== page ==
- Low frequency extension:
- Surround Sound presentation:
- Dialogue Reproduction:
(Each rating is worth 4 points with a max of 5 per category)
- Black level/Shadow detail:
- Color reproduction:
The Soloist comes to Blu-ray Disc from Paramount featuring 1080p AVC encoded video that has an average bitrate of 33 mbps and lossless Dolby TrueHD 5.1 channel audio that has an average bitrate of 3 mbps.
This is a solid looking high definition video presentation from Paramount. It features high level detail, strong contrast, deeply saturated primary and accurate secondary colors, that appear picturesque and vivid. Skin tones are tonally distinguishable with warm, lifelike complexional characteristics. Images are resolute and sharp which enhances dimensional perspective and long range acuity (especially during the brightly lit exterior sequences filmed in the city). Both interior and exterior scenes that are shot at night or in limited lighting lack the visual pop and depth of those mentioned earlier. Blacks aren't inky but display good dynamic range and appreciable gradational highlights (this is scene dependent but quality is rarely questionable). Overall I found this to be a pleasing and pristinely rendered video encoding that is reminiscent of today's films that are released on Blu-ray.
The lossless Dolby TrueHD soundtrack has good dynamic range and detail rich clarity that enables the detection of low level and subtle background sounds within the recording. There is much to discern during the orchestrated set pieces that take place in the Disney Concert Hall. The massed strings and wind instruments are spread over the entire system as primary focus remains up front with rear channel extension. The soundstage is broad and instrument placement within the simulated acoustic environment is estimable. Beethoven's music flows through the room as its orchestrated elements envelop the listening and stimulates the aural senses. The rear channels are active on several occasions and help to generate a balanced and stable surround experience that can be engaging. Dialogue is firmly planted in the center channel and clearly renders voices and effects with appropriate distinction and balance within the front soundstage. Low frequency effects aren't intense but the subwoofer is kept busy as it works in tandem with the rest of the system to convey the low level bass and impact as dictated by the story's elements. I thoroughly enjoyed this audio presentation.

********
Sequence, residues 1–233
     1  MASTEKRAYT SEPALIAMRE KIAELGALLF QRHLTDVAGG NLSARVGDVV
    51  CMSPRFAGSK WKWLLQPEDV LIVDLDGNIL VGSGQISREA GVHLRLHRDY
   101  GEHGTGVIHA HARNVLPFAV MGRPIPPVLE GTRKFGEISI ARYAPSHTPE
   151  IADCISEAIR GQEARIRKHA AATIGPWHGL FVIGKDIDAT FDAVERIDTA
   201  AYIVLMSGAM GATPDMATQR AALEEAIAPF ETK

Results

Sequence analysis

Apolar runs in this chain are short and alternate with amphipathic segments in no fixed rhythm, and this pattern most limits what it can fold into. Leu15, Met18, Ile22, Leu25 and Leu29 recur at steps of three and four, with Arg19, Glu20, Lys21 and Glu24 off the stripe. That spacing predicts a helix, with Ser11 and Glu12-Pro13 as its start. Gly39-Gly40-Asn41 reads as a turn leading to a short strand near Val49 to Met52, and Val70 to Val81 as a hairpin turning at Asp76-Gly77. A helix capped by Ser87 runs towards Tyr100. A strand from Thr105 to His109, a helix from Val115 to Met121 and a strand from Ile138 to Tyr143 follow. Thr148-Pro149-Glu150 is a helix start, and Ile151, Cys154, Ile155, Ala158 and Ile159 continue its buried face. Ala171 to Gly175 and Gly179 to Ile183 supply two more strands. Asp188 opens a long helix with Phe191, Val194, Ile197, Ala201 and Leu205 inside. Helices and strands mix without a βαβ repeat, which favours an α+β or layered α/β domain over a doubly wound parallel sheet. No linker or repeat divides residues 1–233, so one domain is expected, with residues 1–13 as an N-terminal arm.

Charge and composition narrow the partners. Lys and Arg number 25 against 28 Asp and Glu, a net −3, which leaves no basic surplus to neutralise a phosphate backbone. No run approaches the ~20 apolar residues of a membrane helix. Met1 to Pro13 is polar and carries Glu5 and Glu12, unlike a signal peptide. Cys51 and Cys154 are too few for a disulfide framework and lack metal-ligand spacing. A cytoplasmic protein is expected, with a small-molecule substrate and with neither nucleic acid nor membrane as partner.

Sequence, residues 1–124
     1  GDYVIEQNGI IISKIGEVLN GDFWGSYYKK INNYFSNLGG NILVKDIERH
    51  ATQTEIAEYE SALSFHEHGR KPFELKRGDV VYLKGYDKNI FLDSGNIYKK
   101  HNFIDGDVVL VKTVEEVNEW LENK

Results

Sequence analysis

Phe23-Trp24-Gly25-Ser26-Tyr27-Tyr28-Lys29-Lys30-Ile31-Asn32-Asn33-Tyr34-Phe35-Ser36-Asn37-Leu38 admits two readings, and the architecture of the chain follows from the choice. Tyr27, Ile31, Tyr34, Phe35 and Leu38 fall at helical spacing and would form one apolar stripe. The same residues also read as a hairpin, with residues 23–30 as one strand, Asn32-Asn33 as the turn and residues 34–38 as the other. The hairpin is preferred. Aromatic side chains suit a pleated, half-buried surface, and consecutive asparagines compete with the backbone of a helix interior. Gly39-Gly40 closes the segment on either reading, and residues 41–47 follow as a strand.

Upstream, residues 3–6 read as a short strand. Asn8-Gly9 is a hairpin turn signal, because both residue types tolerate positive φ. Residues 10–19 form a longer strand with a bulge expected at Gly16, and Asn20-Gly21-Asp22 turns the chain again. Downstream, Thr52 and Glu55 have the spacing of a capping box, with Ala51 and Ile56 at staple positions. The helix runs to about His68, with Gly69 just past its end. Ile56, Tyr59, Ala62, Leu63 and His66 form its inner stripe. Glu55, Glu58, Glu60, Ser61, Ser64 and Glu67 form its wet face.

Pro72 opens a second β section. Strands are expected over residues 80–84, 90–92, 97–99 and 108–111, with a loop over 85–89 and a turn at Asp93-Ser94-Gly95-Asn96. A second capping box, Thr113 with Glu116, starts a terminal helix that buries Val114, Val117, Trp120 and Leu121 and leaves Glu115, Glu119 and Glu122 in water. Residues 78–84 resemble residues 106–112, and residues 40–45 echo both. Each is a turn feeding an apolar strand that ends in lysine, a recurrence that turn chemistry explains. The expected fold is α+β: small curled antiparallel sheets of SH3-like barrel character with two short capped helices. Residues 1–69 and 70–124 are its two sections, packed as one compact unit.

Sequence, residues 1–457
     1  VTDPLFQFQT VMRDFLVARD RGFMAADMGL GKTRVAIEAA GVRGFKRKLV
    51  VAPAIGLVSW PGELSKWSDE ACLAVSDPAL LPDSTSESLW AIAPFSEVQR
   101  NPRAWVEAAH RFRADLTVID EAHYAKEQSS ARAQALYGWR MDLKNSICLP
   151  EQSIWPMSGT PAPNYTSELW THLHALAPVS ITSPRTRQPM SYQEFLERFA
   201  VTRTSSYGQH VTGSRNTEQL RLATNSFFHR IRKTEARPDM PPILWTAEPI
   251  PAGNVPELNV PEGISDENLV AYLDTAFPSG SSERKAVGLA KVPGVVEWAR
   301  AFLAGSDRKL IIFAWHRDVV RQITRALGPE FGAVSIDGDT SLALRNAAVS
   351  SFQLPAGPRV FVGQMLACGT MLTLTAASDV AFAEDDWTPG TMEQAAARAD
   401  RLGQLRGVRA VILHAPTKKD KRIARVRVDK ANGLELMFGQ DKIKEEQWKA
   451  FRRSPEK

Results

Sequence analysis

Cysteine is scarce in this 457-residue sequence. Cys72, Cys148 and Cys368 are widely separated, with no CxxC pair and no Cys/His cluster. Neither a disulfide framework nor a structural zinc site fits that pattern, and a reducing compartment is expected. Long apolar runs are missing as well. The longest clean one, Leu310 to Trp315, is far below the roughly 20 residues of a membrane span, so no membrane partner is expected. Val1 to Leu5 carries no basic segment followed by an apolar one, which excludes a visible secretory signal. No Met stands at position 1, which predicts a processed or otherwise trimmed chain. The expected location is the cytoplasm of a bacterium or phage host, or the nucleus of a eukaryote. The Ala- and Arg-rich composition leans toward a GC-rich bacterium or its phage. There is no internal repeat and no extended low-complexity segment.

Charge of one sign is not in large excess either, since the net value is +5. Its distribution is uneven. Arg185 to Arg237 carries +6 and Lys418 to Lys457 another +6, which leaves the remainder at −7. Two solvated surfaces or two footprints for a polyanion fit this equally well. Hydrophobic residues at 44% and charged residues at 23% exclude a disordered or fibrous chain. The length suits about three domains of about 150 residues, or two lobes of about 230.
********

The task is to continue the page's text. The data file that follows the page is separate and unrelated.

- Commentary track by Director Joe Wright
- 5 Deleted scenes
- (HD) Kindness, courtesy, and respect: Mr. Ayers + Mr. Lopez - 5 minute feature
- (HD) An unlikely friendship: Making The Soloist - 19 minute featurette
- (HD) One size does not fit all: Addressing homelessness in Los Angeles - 9 minute documentary
- (HD) Julliard: The education of Nathaniel Ayers - 4 minute feature
- (HD) Beth's story - 2 minute animated short
- (HD) Theatrical trailer
The Soloist is a film based on the real life story about an L.A newspaperman and a homeless street musician who develop and unlikely and unshakable bond that changes both of their lives. I found this to be a poignant and inspirational human interest story that when translated to film wasn't as engaging and moving as I had hoped. The performances by Robert Downey Jr. and Jamie Foxx provided tangible association with their real life counterparts which added depth to the film. Its arrival on Blu-ray disc from Paramount comes day and date with DVD and features technically strong audio/video quality and a decent set of bonus supplements. It is worth checking out but I would recommend a rental prior to purchase.